All police departments across the United States use some type of oral examination as part of the process to test candidates seeking promotion to higher rank. Regardless of how high up one goes in a police organization, study after study indicates that the ability to communicate — especially oral communication as opposed to written communication — is absolutely critical. Although many departments use assessment center testing, there is still some type of oral communication component — such as a leaderless discussion, employee conflict exam (supervisor/subordinate) or presentation to a panel — in which oral communication plays a critical part in a candidate’s final score. And oral communications is always one of the top-rated variables in every single job task analysis instruments I have ever used to determine the knowledge, skill, abilities, and personal traits requisite for promotion.
In many departments in which I’m hired to create and administer the promotional examination testing process, the labor/management contract specifically contains language requiring an oral examination as part of the testing process and the weight — the percentage — it must be counted towards a candidate’s final score. It’s not unusual for the oral part of the testing process to count up to fifty percent (50 percent) of a candidate’s final grade.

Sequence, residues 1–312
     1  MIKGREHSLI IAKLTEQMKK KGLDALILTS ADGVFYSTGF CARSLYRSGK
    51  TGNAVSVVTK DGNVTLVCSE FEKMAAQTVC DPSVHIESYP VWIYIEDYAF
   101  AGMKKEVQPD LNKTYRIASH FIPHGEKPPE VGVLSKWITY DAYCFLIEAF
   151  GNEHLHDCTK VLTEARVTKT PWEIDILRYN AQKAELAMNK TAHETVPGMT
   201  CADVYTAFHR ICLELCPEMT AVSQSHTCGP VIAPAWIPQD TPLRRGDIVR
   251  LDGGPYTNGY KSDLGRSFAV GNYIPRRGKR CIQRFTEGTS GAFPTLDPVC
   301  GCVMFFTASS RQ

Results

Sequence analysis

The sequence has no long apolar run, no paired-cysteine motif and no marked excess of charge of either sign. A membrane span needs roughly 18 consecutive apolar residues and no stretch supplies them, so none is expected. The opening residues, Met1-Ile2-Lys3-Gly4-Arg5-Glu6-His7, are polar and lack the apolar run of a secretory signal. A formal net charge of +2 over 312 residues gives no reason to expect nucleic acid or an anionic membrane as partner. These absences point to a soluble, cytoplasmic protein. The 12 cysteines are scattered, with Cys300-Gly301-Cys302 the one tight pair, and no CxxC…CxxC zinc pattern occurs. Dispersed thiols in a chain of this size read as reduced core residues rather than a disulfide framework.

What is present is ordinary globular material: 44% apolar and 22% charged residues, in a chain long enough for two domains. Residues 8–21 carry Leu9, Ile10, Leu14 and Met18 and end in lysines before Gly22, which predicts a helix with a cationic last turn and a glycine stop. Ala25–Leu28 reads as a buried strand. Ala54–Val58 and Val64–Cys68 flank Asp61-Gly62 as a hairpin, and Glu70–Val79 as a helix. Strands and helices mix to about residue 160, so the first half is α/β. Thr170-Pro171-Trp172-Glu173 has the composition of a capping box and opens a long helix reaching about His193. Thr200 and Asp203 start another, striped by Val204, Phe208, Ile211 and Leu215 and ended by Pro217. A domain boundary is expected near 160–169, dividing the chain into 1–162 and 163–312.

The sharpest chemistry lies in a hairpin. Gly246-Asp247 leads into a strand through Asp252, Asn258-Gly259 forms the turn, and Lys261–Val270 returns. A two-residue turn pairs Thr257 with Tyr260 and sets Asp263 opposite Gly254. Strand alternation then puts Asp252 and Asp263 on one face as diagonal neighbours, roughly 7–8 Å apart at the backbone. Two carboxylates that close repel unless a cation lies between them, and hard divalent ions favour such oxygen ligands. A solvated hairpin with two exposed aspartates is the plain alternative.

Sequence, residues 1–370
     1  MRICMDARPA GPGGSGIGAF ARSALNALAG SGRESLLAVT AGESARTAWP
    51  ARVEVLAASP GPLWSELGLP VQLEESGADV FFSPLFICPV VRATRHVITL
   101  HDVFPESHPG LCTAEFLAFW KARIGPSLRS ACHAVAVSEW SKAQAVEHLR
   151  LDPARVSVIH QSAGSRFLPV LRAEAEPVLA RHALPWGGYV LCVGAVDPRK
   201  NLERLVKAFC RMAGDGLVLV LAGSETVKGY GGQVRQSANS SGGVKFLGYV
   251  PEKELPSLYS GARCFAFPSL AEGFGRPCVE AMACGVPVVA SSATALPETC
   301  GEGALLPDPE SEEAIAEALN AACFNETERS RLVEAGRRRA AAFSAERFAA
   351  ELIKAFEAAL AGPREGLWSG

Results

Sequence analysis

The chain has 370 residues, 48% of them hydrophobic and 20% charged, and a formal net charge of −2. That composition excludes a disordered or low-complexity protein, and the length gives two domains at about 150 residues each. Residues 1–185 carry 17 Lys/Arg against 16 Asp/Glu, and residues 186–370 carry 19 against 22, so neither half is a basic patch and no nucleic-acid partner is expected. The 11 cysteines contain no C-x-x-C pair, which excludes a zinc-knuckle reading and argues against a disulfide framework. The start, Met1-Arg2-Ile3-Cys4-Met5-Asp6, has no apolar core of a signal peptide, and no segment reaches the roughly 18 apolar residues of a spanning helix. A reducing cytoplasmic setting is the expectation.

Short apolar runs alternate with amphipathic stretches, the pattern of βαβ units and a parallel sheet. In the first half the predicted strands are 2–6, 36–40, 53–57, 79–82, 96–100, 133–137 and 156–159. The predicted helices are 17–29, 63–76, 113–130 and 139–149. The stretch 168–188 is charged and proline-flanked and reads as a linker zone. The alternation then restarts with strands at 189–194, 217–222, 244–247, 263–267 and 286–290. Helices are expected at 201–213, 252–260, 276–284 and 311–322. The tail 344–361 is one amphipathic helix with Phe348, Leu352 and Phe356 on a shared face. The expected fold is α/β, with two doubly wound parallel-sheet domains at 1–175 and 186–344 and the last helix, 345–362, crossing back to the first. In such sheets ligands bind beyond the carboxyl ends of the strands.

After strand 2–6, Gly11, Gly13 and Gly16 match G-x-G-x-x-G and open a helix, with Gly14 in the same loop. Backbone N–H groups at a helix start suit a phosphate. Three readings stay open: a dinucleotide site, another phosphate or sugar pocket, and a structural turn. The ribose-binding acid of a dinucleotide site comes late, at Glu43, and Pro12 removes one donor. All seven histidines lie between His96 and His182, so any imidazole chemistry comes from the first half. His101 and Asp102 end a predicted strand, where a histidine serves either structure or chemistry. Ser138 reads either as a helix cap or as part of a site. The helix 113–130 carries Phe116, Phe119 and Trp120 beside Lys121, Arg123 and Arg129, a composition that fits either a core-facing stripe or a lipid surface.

However it’s done, it’s a subjective process. With a written test, I can at least point to a specific page in one of the books on the reading list and say, “There it is! On page 63, word for word, the answer is C and you put B. It may have been a poorly worded, confusing question, but at least I have a specific source to defend how I arrived at what the correct answer is.